The DCFTAs as part of the Association Agreements with Georgia and Moldova constitute, after the Eastern Partnership initiative, a following, important instrument of European support to the Eastern neighbours, offering a pathway to Georgia's and Moldova's future prosperity.

What is the expected economic impact?

An independent study predicts that the DCFTA will increase Georgia’s export to the EU by 12% and import by 7.5%. Georgia’s GDP could increase by 4.3% or €292 million in the long term, provided that the DCFTA is implemented and its effects sustained.

For Moldova, the change in national income is estimated to be around €142 million, i.e. 5.4% of the country’s GDP, while its exports and imports are expected to increase in relation to the EU by as much as 16% and 8% respectively, driving an increase in wages and offering better prices to consumers.

When will the agreements become operational?

The initialling of the Association Agreements will be followed with signature next year. The parties have also confirmed their intentions to implement the agreements as soon as possible. Following standard procedural steps, including approval by the Council and the European Parliament, it may still take several months for the agreement to become effective.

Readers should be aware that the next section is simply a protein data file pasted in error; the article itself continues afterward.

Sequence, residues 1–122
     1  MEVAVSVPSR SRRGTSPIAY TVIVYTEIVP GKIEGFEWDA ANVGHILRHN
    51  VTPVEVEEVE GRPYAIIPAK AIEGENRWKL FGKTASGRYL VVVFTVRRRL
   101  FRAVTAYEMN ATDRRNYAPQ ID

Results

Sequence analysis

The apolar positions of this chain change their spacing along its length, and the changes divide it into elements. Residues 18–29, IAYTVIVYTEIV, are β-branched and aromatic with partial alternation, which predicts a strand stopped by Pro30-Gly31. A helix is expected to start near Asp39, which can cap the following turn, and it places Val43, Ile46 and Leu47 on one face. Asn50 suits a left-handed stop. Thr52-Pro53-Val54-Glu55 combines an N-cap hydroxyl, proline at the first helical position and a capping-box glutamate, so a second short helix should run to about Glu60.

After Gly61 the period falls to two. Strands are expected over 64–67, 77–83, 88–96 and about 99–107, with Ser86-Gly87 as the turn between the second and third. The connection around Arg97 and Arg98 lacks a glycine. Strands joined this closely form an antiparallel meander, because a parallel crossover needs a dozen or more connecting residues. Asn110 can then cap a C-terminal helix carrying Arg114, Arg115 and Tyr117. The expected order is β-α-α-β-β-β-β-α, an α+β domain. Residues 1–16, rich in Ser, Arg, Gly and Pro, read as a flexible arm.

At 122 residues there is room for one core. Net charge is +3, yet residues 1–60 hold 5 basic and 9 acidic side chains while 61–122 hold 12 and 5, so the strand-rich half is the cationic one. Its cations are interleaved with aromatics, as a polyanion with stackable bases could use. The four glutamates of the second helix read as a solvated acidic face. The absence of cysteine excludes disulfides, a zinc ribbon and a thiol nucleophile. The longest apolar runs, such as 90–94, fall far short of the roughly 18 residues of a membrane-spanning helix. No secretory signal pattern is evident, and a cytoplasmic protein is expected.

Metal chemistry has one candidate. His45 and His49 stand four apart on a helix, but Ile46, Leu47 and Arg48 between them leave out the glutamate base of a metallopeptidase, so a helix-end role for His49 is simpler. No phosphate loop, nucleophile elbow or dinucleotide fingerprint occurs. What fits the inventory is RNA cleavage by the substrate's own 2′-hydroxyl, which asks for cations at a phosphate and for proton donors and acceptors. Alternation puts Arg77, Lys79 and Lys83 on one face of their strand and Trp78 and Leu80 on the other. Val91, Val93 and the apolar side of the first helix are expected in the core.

For further information

Text of the agreement with Georgia:

http://eeas.europa.eu/georgia/assoagreement/assoagreement-2013_en.htm

Text of the agreement with Moldova:

http://eeas.europa.eu/moldova/assoagreement/assoagreement-2013_en.htm

EU-Georgia relations: http://eeas.europa.eu/georgia/index_en.htm

EU-Republic of Moldova relations: http://eeas.europa.eu/moldova/index_en.htm

EU trade relations with the South Caucasus countries:

http://ec.europa.eu/trade/creating-opportunities/bilateral-relations/regions/south-caucasus/

EU trade relations with Moldova:

http://ec.europa.eu/trade/policy/countries-and-regions/countries/moldova/

Eastern Neighbourhood summit in Vilnius:

http://europa.eu/rapid/press-release_MEMO-13-1057_en.htm